Armed clashes erupted in the city of al-Hasakah, lasting several days, between the regime forces and the NDF militia, led by Abdul Qader Hamo. The conflict resulted in Hamo's death and injuries to dozens of civilians. The regime declared the security operation over after its forces seized the building where the NDF was holed up.

Hamo, dubbed the “King of the Captagon” in Hasakah, appeared in a pre-death video, criticizing “Ali Mamlouk” and the “Baath Party” leadership, accusing them of corruption and demanding large sums of money to settle his situation.

In the SDF held-areas, Armed clashes persisted between certain Arab tribes and SDF forces in Deir Ezzor, even after the SDF declared an end to the “Rebellion” and seized control of Dhiban, home to Sheikh al-Akidat Ibrahim al-Hafil. Al-Hafil, along with some of his fighters, managed to relocate to different areas. The recent tribal uprising highlighted the frailty of the Autonomous Administration's governance and the disconnect between communities and the administration purporting to represent them.While current maps of influence and control appear stable, numerous signs suggest potential future shifts in the security and military landscape, especially with the growing influence of militias allied with Iran and the Assad regime in northeastern Syria.

During September, TSK drones conducted several strikes, targeting and killing SDF leaders, including “Haval Aslan”, leader of the Asayish forces in al-Qamishli, and “Ayman Jolie”, a commander of the Asayish forces in the Jazira region.

In the Opposition held-areas, in Northwest Syria witnessed military skirmishes between the Second Corps, spearheaded by the Sultan Murad Division, and groups affiliated with Hay'at Tahrir al-Sham, including “Ahrar Olan” and “al-Shahba Gathering.” The conflict centered around control of the strategic “Hamran” crossing, utilized for oil smuggling between the eastern and western Euphrates. These clashes are embedded within the war economy dynamics, where such crossings serve as a vital economic resource for the factions.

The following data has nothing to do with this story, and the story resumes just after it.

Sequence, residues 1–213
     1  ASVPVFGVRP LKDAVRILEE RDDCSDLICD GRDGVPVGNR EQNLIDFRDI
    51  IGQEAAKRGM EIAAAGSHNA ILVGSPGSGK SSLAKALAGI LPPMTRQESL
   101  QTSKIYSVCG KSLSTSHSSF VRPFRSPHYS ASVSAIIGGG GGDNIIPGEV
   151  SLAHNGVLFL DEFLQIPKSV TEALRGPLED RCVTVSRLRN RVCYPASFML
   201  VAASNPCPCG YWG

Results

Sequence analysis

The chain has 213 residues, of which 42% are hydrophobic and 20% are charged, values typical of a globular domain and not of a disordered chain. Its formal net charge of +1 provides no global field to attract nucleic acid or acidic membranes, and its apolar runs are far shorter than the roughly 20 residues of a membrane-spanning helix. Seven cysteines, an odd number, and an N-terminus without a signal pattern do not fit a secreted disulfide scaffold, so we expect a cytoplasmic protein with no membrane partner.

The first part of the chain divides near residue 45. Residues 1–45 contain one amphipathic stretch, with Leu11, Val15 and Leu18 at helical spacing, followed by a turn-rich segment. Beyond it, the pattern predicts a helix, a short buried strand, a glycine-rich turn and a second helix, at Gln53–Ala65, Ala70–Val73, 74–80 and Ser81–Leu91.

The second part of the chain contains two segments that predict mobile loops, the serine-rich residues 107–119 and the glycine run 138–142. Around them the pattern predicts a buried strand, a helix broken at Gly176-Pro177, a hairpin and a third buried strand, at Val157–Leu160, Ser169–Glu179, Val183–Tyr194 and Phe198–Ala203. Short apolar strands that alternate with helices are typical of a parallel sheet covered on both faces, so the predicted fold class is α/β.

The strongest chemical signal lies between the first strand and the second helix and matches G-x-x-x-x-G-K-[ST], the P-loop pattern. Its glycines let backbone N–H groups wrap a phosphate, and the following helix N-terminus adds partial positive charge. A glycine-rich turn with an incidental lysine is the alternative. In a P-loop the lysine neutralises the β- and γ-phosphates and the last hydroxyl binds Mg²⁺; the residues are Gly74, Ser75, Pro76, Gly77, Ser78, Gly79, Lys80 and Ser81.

Economic Problems Multiply, Solutions Yet to be Found

Syrian Regime

Internationally Relations:

Syrian-Chinese Relations:

The visit of Bashar al-Assad and the accompanying economic delegation to China did not yield any tangible economic results that might rescue his government amidst the suffocating crisis it is experiencing.

  • The visit was limited to signing protocol agreements, such as Syrian-Chinese strategic cooperation, and three cooperation documents were signed between the two sides; the first is economic cooperation, the second is for exchange and cooperation in the field of economic development, and the third is a cooperation plan within the Belt and Road framework.
  • These agreements express only a desire to cooperate without binding agreements for either party.

It is unexpected that China's role will exceed providing humanitarian support to the regime and its incubator, for several reasons, most importantly:

  • The strict American and European sanctions on the regime, which hinder the initiation of any major projects before achieving a political solution.
  • The deteriorating security conditions and lack of stability in Regime held-areas reduce China likelihood of contributing to the Belt and Road initiative.
  • Lack of an investment environment and laws that protect and encourage foreign investors.
  • The fierce competition between Russia and Iran and their current control over wealth and trade routes.

Syrian-Iranian Relations: